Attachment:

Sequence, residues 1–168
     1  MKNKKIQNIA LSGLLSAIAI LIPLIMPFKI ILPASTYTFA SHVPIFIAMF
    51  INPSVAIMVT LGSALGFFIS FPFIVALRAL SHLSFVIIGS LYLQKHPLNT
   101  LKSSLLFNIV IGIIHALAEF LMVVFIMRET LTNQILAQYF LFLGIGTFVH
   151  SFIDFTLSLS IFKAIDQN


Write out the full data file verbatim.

Sequence, residues 1–168
     1  MKNKKIQNIA LSGLLSAIAI LIPLIMPFKI ILPASTYTFA SHVPIFIAMF
    51  INPSVAIMVT LGSALGFFIS FPFIVALRAL SHLSFVIIGS LYLQKHPLNT
   101  LKSSLLFNIV IGIIHALAEF LMVVFIMRET LTNQILAQYF LFLGIGTFVH
   151  SFIDFTLSLS IFKAIDQN